One of the great advantages of software defined radio receivers is that tuning receiver settings is a matter of adjusting software parameters. Gqrx is no different here and has optimal settings built in for weather satellite reception. This tutorial describes how to receive automatic picture transmissions (APT) from NOAA weather satellites using Gqrx SDR, record them to a WAV file, and finally decode the images using the free and open source Atpdec decoder. If you follow this guide you can end up with very nice results such as the one shown at the end.
I have used the Funcube Dongle with an Arrow antenna for this example but any receiver hardware supported by Gqrx can be used, provided that it can receive the required bandwidth, which is around 40 kHz.
Step 1: Reception and recording
NOAA APT transmissions are analog transmissions. The data coming from the imaging sensors is used to amplitude modulate a 2.4 kHz sub-carrier, which is then used to FM modulate the VHF carrier at 137.x MHz. The FM deviation is 17 kHz and using the Carson bandwidth rule we get a channel bandwidth of
BW = 2 × (17 + 2.4) kHz = 38.8 kHz
Hence the requirement for 40 kHz bandwidth. In fact, a few kHz more will not hurt but allow to track the signal during the whole pass without any active Doppler tuning.
The Funcube Dongle uses 96 ksps sample rate and has an effective bandwidth of 80 kHz. Thus there is just about enough bandwidth to have the APT signal on one side and avoid interference from the DC spike, which can not be completely eliminated at these frequencies.
Start by tuning the FCD PLL to 23 kHz above or below the satellite frequency. For example, NOAA-18 transmits on 137.9125 MHz and I tuned the FCD to 137.935 MHz. Then tune the channel filter so that the RX frequency will correspond to the satellite frequency (see the Gqrx screenshot above).
In the demodulator options select FM with 17k deviation and disable de-emphasis by setting the filter time constant tau to 0.
When the satellite comes in range, start the audio recorder by pressing the red dot in the Audio settings. Note that the red dot in the toolbar is the I/Q data recorder – we don’t need that here.
Watch video on YouTube.
As you can see I have very good signal above; about 20 dB C/N when the satellite is close to the horizon and almost 40 dB C/N at the time of closest approach. The recording was made in a relatively quiet area and I had LNA gain reduced to 10 dB.
Don’t forget to stop the audio recorder when the pass finishes, otherwise the WAV file will have corrupt header.
Note that Doppler tuning is not necessary as long as the channel filter is wide enough. This is an advantage (maybe the only advantage?) of FM modulation: The Doppler shift will be seen as a moving DC offset in the audio but the audio amplitude, which is the important parameter for APT, will not be influenced. This assumes that the audio level is sufficiently below the maximum level, otherwise a DC shift will saturate and clip the samples. You may have to experiment with the settings before you find the optimal volume; however, the -15 dB audio gain I am using will probably also work for you.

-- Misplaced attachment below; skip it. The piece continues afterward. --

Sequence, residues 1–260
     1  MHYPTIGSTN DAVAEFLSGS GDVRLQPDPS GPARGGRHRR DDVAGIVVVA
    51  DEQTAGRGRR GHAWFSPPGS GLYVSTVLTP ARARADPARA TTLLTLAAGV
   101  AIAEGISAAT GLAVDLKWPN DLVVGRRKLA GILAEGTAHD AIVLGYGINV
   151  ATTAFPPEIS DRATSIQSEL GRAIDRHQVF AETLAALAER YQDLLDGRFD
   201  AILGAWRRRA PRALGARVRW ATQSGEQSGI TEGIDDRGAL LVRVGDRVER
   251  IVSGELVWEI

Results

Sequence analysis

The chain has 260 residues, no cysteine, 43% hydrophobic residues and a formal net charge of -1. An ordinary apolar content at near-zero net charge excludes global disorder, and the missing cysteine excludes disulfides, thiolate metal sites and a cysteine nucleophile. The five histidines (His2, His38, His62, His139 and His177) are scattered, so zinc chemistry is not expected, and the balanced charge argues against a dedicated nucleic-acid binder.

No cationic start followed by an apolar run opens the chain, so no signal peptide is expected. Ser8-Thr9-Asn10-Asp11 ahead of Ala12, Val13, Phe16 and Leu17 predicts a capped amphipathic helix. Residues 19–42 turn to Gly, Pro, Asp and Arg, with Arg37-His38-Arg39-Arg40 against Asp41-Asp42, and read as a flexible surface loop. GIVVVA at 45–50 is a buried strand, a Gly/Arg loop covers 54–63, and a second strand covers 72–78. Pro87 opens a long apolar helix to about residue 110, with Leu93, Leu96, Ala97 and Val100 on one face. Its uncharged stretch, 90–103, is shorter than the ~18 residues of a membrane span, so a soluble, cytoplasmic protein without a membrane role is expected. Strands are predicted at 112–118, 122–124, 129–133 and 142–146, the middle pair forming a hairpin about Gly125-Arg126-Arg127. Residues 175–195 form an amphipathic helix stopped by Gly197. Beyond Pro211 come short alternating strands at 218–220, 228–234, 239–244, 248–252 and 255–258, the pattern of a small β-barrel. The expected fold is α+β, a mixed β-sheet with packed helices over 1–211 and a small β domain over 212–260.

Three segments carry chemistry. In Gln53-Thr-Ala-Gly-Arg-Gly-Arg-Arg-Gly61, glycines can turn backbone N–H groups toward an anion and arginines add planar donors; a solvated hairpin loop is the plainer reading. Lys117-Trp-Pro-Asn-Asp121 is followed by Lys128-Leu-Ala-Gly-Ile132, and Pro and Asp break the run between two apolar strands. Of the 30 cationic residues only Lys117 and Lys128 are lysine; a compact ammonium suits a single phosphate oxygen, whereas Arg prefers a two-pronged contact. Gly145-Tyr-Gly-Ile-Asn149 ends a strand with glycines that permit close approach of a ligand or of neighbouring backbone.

Step 2: Convert the recorded audio
Gqrx records audio WAV files at 48 kHz. We need to convert it to 11.025 kHz WAV. If you have a favorite conversion program just do it your way. The quickest way to do this is using Sox:
sox input.wav output.wav rate 11025
Couldn’t be easier, could it?
Alternatively, you can import the WAV file into Audacity where you can also cut any noise from the beginning and the end. In audacity you need to use Track → Resample, then also change the project rate from 48 to 11.025 kHz (maybe it is sufficient to change the project rate?). When finished export the audio to a new WAV file.
Step 3: Decode image from audio recording
Now that we have an 11.025 kHz WAV file we can use Atpdec to decode the APT image from it. The latest stable version is 1.7 from 2005, but it appears to be sufficient and is easy to build compared to the latest code in the CVS repository. If you read the README file you’ll see that it requires libsndfile and libpng to compile. All of these are pretty standard and available for all Linux. Remember that we need the -dev or -devel packages when compiling against libraries, i.e. libsndfile-dev or libsndfile-devel.
The README file also contains necessary information about the usage of atpdec. I have used
atpdec -s 18 -i ab recording.wav
but you can of course use whatever you wish. Note that NOAA-19 is not included in Atpdec version 1.7, for that you will need the latest version from CVS. At the time of writing, the code in CVS does not compile for me.
Step 4: Enjoy and experiment
Below you can see an image I received from NOAA-18 on August 28, 2011. As mentioned above, I used the Funcube Dongle and a simple Arrow antenna.
Once you have mastered basic reception, you should start experimenting with the receiver settings. I would also be interested to see scripts / hacks that perform automatic recording and decoding. I guess that will be easier once I implement the scheduler in gqrx.
In any case, I hope you’ll have fun with this area of space communications!
2012/07/14: Added example sox command to resample audio from 48 to 11.025 kHz.
2012/07/15: There is now an article about how to do this using RTL-SDR as well.